"Hay fever causes major impairment of sleep, work and school performance and leisure activities during what for most of us is the best time of the year," said Professor Durham.

"Most people respond to the usual antihistamines and nasal sprays, although there is a portion who do not respond adequately or who have unacceptable side effects to the treatment."

Describing the current findings, Professor Durham said: "This study shows that whereas both immunotherapy treatments were highly effective, two years of treatment was insufficient for long-term benefits.

"Clinicians and patients should continue to follow international guidelines that recommend a minimum of three years' treatment."

Previous studies published by Imperial researchers have shown the long-lasting benefits of both immunotherapy injections and pills for severe hay fever - benefits which persist for at least two to three years after the treatment has stopped.

Professor Durham added: "We have reconfirmed that both treatments are effective but that in order to get the long-term clinical benefits after stopping the treatment, you have to take it for three years."

Researchers at Imperial have a long legacy with immunotherapy dating back to 1911, when a grass pollen injection treatment was first shown to be highly effective in treating hay fever.

PATIENT CASE STUDY

Max Warner, 51, who lives in London, had successful results in improving his symptoms of hay fever by receiving injections of grass pollen immunotherapy as part of the randomised, placebo-controlled trial over a three-year period at Royal Brompton Hospital.

"I've been allergic to grass pollen ever since I can remember," explained Mr Warner. "Hay fever has a massive impact on my lifestyle and I choose to work from home because of it, I just find commuting through central London worsens my symptoms. I suffer with irritability, sneezing, wheezing and at times this can manifest into a tightened chest where I feel as if I can't breathe properly, especially during summer."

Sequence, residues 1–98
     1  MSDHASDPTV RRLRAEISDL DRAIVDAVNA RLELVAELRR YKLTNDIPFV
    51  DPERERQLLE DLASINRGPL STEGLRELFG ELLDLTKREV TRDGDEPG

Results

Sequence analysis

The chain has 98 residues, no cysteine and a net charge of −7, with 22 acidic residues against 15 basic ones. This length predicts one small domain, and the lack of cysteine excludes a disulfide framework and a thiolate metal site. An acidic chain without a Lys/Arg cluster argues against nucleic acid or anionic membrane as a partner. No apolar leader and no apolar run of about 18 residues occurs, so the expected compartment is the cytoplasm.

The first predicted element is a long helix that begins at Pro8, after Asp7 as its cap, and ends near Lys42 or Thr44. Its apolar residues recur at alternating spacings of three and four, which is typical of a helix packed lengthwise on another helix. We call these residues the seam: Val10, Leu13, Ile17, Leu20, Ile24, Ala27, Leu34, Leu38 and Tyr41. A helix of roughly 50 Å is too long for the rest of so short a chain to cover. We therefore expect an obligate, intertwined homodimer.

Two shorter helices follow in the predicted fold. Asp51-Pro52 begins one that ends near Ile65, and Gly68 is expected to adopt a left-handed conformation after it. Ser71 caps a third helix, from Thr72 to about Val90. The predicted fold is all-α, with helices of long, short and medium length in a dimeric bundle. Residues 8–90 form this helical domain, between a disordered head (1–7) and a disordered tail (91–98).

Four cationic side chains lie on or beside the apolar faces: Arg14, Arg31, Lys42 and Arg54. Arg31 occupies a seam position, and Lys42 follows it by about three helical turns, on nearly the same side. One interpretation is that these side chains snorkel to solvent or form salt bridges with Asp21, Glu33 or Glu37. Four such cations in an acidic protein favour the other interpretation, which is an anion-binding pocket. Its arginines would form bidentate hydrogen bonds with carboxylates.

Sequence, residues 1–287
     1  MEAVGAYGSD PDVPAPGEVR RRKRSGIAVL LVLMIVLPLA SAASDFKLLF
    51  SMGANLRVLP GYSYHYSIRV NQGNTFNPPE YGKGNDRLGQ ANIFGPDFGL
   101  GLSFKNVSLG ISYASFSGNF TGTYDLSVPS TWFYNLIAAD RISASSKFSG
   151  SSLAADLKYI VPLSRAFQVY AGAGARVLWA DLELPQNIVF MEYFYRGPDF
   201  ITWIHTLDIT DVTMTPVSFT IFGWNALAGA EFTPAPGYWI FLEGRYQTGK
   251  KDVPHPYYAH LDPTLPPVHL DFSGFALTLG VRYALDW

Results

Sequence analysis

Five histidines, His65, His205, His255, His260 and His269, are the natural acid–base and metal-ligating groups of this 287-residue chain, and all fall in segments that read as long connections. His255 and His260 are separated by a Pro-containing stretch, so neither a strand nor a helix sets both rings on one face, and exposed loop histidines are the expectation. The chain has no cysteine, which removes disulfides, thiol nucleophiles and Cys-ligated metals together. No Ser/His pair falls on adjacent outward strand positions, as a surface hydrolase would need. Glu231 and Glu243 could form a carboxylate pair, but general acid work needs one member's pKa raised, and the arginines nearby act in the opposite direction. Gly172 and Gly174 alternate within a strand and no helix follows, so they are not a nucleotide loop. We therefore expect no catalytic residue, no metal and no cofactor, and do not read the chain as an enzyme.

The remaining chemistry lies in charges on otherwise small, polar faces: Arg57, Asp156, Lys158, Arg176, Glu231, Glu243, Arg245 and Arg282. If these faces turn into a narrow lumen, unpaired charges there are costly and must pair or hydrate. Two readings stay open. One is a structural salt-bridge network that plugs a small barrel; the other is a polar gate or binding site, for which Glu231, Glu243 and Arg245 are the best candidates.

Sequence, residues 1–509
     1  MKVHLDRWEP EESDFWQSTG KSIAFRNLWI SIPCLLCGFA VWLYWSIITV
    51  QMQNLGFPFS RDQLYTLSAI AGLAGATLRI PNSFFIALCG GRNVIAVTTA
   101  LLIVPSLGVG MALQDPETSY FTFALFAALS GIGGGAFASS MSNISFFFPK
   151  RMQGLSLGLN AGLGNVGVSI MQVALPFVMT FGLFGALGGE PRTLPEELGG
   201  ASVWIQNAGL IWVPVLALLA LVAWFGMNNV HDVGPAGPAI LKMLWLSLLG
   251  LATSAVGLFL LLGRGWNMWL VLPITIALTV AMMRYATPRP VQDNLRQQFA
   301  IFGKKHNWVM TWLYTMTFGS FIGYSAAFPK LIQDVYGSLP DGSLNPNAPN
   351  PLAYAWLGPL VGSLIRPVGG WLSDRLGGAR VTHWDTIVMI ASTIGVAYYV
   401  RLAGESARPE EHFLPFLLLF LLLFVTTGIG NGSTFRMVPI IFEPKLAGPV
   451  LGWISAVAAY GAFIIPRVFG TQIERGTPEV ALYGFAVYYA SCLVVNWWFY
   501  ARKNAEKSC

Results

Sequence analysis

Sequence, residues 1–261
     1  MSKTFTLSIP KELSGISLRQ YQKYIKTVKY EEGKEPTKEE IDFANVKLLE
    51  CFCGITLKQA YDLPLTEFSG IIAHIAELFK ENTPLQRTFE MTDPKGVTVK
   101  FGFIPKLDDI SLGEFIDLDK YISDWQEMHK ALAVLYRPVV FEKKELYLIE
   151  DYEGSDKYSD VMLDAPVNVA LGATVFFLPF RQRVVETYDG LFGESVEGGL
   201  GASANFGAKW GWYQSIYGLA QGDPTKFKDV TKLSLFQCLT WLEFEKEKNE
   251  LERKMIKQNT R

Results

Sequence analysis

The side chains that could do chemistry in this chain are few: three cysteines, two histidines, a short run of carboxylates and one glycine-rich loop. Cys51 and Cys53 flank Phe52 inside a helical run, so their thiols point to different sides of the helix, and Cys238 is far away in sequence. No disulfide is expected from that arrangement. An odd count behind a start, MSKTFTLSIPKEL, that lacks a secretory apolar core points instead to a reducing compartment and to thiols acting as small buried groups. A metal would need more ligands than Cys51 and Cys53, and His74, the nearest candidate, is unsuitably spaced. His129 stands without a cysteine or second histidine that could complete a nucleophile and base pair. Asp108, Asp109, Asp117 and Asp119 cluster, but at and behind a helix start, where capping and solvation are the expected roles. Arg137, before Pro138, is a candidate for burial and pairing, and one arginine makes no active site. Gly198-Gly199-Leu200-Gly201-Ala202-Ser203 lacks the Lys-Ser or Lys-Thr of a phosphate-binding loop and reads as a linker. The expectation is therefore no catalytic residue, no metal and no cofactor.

Mr Warner was first tested for his sensitivity to pollen at Royal Brompton Hospital when doctor's sprayed pollen up his nose to compare his reaction before he began receiving injections to his reactions a year into receiving the hay fever treatment.

He received weekly injections for 15 weeks and then monthly injections for the remainder of the two-year treatment period.

"My hay fever symptoms improved over the two years of having injections and the following year as well. My hay fever season can start in April and not finish until September. May, June, July and August are obviously the peak months and these peaks took place during the trial where I felt no symptoms in April or September.

"In the peak months I had less of a blocked up nose; less of a runny nose, less, if any, sneezing, no irritable or watering eyes, no tight chest and just generally much less of a sense of feeling unwell and having less energy throughout the grass pollen season.

"My reaction to pollen had decreased an incredible amount," said Mr Warner. "I really did feel a huge improvement and was relieved to discover I had received the immunotherapy treatment. Last summer [after the trial had finished] I was back to taking antihistamines and was shocked with how bad my symptoms were."

He added: "They are a fantastic team at Royal Brompton. Everyone who was participating felt confident that we were doing something that would make a worthwhile improvement to our health and the health of others. If I had the opportunity, I would carry on receiving the injections."
-end-


Imperial College London